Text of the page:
In August, 5,840 individuals arrived in DIP camps or host communities and 2,164 people departed camps or communities across various locations in Borno and Adamawa states. The highest number of arrivals were recorded in Mobbar LGA (1,981 individuals), Gwoza (616), Monguno (598), Bama (415), Askira/Uba (324) and Ngala (221).
Following a fire incident in Ngala IS camp, SEMA, in collaboration with CCCM partners, started relocating IDPs to Zulum camp with the aim to decongest IS camp. The government also communicated to CCCM partners its intention to return some IDPs to nearby villages of Ngala.
Additionally, CCCM partners conducted three assessments – in Magumeri LGA, Gongulong and Kessa Kura (Jere LGA) and Bolori II ward (MMC) – to identifying infrastructural gaps on site and activate advocacy and referral mechanisms for rapid response and interventions. These locations have been a priority to the Sector, Government counterparts (NEMA/SEMA) and operational partners who are coordinating a swift response to rising needs due to recent influxes of IDPs.
Sector partners also recorded an increased need for Food assistance which was cited as priority need for 72,064 households (HH) in comparison to 67,328 HH in July. Shelter reinforcement kits were mentioned by 41,362 HH and NFI Kits by 150,838 HH in August, which is a decrease in needs compared to July when 47,095 HH mentioned shelter kits and 160,565 HH NFI kits, as reported by the CCCM partners across Borno, Adamawa and Yobe states.
Sector partners mobilized resources to respond to the need for shelter reinforcement kits and released stockpiled material for 974 HH. Operational partners swiftly responded to needs in Magumeri LGA and Gongulong and Kessa Kure in Jere LGA and provided basic lifesaving services. CCCM partners continue to undertake Risk Communication and Community Mobilization actions to complement regular camp management awareness-rai activities through small groups sessions or at household level to sensitize affected population to COVID-19 preventive measures, following WHO/NCDC guidelines. CCCM partners are also working in collaboration with health partners and other stakeholders to address issues around surveillance and border monitoring. The porous nature of the camps, especially the informal sites with no perimeter wall or demarcated entry and exit points, remain hindering factors to the COVID-19 response. The Sector and partners, alongside government counterparts, continue to scale up coordination in camps and camp-like settings. The CCCM Sector continues to work closely with the Protection Sector as well as partners on sites and local authorities to ensure community mobilization, sensitization, and implementation of complaints and feedback mechanism.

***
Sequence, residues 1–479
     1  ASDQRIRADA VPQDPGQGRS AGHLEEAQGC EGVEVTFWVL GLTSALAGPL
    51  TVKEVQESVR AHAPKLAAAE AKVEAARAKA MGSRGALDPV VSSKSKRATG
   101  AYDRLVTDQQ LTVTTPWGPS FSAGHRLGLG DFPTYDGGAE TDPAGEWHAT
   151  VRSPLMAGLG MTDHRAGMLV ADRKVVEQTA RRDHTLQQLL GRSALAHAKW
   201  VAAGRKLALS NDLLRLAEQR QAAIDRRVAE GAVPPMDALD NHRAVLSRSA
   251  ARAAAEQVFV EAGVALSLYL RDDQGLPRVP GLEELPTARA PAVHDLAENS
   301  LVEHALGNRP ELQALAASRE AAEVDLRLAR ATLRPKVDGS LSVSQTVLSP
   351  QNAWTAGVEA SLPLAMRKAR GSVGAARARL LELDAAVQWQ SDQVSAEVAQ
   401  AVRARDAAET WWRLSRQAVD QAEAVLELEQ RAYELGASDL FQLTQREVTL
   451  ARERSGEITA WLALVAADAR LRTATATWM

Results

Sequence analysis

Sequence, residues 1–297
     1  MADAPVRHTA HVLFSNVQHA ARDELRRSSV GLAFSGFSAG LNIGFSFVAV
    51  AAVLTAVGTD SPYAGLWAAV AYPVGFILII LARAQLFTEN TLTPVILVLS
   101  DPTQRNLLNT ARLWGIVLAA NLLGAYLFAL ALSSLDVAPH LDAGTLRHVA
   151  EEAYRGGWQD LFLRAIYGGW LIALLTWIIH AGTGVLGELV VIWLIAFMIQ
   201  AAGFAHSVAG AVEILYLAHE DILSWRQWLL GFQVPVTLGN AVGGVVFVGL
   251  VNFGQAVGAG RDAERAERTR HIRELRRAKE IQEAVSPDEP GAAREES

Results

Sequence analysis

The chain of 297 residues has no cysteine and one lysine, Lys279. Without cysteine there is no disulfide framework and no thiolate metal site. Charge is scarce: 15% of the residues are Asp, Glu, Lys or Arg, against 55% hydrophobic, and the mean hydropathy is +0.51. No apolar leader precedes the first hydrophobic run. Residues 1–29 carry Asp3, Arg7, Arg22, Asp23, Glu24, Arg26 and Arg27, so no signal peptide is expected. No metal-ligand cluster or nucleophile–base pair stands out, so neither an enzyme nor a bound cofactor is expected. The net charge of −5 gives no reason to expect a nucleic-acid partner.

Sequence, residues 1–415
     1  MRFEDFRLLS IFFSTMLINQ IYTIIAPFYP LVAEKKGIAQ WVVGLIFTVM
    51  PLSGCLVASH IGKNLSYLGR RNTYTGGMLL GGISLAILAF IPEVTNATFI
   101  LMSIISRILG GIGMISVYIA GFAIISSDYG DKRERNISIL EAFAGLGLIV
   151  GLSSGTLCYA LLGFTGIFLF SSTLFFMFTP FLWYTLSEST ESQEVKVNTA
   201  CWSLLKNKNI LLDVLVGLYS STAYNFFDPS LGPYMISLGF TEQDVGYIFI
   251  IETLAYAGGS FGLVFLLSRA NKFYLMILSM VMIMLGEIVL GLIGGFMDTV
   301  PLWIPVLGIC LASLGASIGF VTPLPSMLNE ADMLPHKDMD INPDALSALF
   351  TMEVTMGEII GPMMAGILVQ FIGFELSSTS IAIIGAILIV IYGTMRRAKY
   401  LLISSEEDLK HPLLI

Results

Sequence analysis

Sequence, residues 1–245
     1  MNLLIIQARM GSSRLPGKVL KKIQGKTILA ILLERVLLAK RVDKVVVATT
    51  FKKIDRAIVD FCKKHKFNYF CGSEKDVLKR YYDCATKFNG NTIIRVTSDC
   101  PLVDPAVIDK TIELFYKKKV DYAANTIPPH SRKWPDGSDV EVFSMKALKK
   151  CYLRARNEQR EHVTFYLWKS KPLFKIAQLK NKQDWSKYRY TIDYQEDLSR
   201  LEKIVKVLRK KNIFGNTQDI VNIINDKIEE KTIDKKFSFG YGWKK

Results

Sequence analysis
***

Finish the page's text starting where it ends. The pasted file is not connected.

Congestion has been the Sector’s main priority since the beginning of the year. Progress has been made towards securing adequate land to ensure a proper decongestion of highly congested camps. This aims to enhance a more standard CCCM intervention, foster adequate communication and generate a positive impact to the hygiene and environmental health campaigns on sites. The sector will continue to scale up its land allocation advocacy and the pace to implement the approved decongestion strategy by the Government. The Sector and partners will embark on a rigorous community mobilization and sensitization to assess perceptions, understand potential fears and expectations around the decongestion process, and to foster greater ownership by local authorities and their close coordination and guidance.
Measures taken to reinforce CCCM activities in camps and camp-like settings have positively impacted aid delivery such as more dignified and improved lives for the affected populations.
The Sector will continue to follow up and coordinate the response to damages incurred by heavy rainfalls and floods during the rainy season while strongly advocating for shelter interventions to respond to new influxes of IDPs. The urgency of identifying land to be allocated for camp decongestion across Borno State will be stressed on.